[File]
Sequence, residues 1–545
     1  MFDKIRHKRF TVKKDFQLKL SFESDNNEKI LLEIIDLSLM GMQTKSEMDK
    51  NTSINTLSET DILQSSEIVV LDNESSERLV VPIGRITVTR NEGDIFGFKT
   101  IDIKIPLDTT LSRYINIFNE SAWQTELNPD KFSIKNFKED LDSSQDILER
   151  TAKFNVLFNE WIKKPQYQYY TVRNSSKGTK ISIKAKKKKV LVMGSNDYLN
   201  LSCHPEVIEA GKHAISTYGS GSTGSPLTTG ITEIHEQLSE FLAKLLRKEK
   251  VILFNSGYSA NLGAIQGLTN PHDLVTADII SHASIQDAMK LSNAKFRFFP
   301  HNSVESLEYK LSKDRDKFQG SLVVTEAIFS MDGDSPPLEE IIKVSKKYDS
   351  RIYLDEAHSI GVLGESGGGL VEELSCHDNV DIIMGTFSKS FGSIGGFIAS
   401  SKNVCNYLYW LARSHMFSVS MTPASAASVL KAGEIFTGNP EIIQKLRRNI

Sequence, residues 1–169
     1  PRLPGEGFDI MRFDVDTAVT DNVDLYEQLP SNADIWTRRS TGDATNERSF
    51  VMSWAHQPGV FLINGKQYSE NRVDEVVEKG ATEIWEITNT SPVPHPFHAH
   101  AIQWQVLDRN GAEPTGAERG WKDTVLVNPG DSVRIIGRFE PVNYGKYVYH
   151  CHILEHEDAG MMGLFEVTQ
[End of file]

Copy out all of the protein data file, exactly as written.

Sequence, residues 1–545
     1  MFDKIRHKRF TVKKDFQLKL SFESDNNEKI LLEIIDLSLM GMQTKSEMDK
    51  NTSINTLSET DILQSSEIVV LDNESSERLV VPIGRITVTR NEGDIFGFKT
   101  IDIKIPLDTT LSRYINIFNE SAWQTELNPD KFSIKNFKED LDSSQDILER
   151  TAKFNVLFNE WIKKPQYQYY TVRNSSKGTK ISIKAKKKKV LVMGSNDYLN
   201  LSCHPEVIEA GKHAISTYGS GSTGSPLTTG ITEIHEQLSE FLAKLLRKEK
   251  VILFNSGYSA NLGAIQGLTN PHDLVTADII SHASIQDAMK LSNAKFRFFP
   301  HNSVESLEYK LSKDRDKFQG SLVVTEAIFS MDGDSPPLEE IIKVSKKYDS
   351  RIYLDEAHSI GVLGESGGGL VEELSCHDNV DIIMGTFSKS FGSIGGFIAS
   401  SKNVCNYLYW LARSHMFSVS MTPASAASVL KAGEIFTGNP EIIQKLRRNI

Sequence, residues 1–169
     1  PRLPGEGFDI MRFDVDTAVT DNVDLYEQLP SNADIWTRRS TGDATNERSF
    51  VMSWAHQPGV FLINGKQYSE NRVDEVVEKG ATEIWEITNT SPVPHPFHAH
   101  AIQWQVLDRN GAEPTGAERG WKDTVLVNPG DSVRIIGRFE PVNYGKYVYH
   151  CHILEHEDAG MMGLFEVTQ